Properties and Benefits of Vitamin A: Most people are well acquainted with some of the amazing properties and benefits of vitamin A and are also aware of the fact that vitamin A deficiency may pose serious health risks for eye health and immunity in particular. Everyone can tell you that vitamin A is a great aid for vision and can be found in more than generous amounts in carrots. However, vitamin A is much more than a simple vitamin: it is a powerful antioxidant which can be found in the most surprising foods. Read more and find out everything you need to know about vitamin A.
One of the most important things you need to know about vitamin A is that it can be found in many green, leafy vegetables such as spinach, cabbage, turnip greens, chard or lettuce and, of course, in orange-colored foods such as sweet potatoes, carrots, pumpkins and orange cantaloupe as well as in butter and milk. Other examples of vegetable sources of vitamin A can be found on this page.
The orange pigment in carrots and other similar foods indicates the presence of carotenes such as beta-carotene and alfa-carotene. Both beta and alfa-carotene are actually other forms of vitamin A which our body uses to perform the same functions as vitamin A proper. About 40% of carotenes are broken down by the body and converted into vitamin A, while the remaining 60% are used as antioxidants.
Our body knows just how much vitamin A is needed to work properly. This means it converts as much carotene as it needs and leaves the rest in its unaltered antioxidant form. Being such a finely tuned mechanism, our body knows how to avoid a surplus of vitamin A, which can be toxic.
Carotenes, however, pose no problems because they act purely as antioxidants, preventing free radical damage caused by oxidation processes. Carotenes come in a variety of forms, the most famous being beta-carotene, alfa-carotene, gamma-carotene and lycopene. While beta-carotene, alfa-carotene and gamma-carotene can be converted into vitamin A, lycopene and other carotenes cannot, but preserve their antioxidant properties.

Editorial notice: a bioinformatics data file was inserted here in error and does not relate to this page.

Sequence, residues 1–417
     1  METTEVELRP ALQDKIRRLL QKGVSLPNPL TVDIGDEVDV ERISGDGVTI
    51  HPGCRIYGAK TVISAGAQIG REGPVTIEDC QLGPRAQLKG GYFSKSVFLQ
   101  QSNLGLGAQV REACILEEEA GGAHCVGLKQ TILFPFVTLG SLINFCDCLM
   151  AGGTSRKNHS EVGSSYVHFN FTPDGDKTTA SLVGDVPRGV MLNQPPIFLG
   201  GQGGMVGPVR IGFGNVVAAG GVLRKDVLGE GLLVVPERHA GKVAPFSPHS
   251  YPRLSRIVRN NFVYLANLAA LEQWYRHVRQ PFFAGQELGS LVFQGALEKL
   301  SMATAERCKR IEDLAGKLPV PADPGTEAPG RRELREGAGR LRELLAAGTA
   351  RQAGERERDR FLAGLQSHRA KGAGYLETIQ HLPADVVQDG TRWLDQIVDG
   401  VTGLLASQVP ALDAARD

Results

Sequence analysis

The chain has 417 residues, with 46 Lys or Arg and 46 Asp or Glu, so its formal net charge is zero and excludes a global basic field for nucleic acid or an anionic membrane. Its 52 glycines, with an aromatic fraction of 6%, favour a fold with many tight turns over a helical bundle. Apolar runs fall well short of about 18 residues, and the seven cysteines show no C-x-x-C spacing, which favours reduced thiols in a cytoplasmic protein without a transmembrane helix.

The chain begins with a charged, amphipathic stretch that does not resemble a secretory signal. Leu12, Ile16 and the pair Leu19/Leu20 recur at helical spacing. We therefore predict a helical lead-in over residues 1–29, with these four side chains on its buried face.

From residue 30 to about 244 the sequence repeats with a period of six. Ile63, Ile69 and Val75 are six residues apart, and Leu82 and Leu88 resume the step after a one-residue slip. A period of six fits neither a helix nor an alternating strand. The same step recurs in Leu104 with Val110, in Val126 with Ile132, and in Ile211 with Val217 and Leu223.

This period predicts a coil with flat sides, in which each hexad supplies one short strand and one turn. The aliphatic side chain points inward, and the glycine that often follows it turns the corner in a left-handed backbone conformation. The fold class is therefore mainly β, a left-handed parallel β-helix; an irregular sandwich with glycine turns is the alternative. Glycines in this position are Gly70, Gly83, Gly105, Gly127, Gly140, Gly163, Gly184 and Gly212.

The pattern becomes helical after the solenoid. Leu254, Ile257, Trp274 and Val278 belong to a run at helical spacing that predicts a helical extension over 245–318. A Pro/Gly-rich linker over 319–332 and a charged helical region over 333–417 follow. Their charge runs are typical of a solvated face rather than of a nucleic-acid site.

Vitamin A can be found in both vegetable and animal sources such as butter and milk (excellent sources), chicken, turkey, fish and pork liver, cheese and eggs. However, vegetables sources of vitamin A such as sweet potatoes, orange carrots, pumpkin, chard, turnip greens, spinach, cabbage, Romaine lettuce, cantaloupe, apricots or papaya also contain potent antioxidants.
But irrespective of the food source, vitamin A boasts the following 5 impressive health benefits:
1) Essential for a healthy vision. It appears that vitamin A supports the activity of the retina, making it possible for us to see in low light and in no light. Vitamin A deficiency can lead to impaired vision and, ultimately, night blindness.
2) Helps create a barrier against bacteria and viruses by reinforcing our body’s first line of defense: mucous membranes. Our eyes, nose, throat, lungs and digestive system all share a common feature: mucous membranes. An adequate intake of vitamin A can strengthen our body’s mucous membranes and skin so neither bacteria, nor viruses can breach and infect us.
3) Strengthens the immune system by supporting the production of lymphocytes. Basically, lymphocytes are cells that fight off bacteria that make our body sick. Vitamin A deficiency may manifest through recurrent ear infections, urinary tract infections, among others.
4) Is a potent antioxidant. Carotenes which are converted into vitamin A show both vitamin and antioxidant activity. As antioxidants, they protect against DNA damage and subsequent cell mutations caused by free radicals.
5) Important for healthy babies. According to the Infant and young child feeding fact sheet from the World Health Organisation (WHO), nursing babies during the first 6 months of their life supplies them with much-needed amounts of vitamin A to help them grow and develop normally and develop good immunity.
Overall, vitamin A is an essential nutrient with great health benefits. Although it can be found in both animal and vegetable sources, it is recommended to get most of our vitamin A intake from fruits and vegetables, which also contain carotenoid antioxidants which our body uses both for antioxidant protection and converts into vitamin A.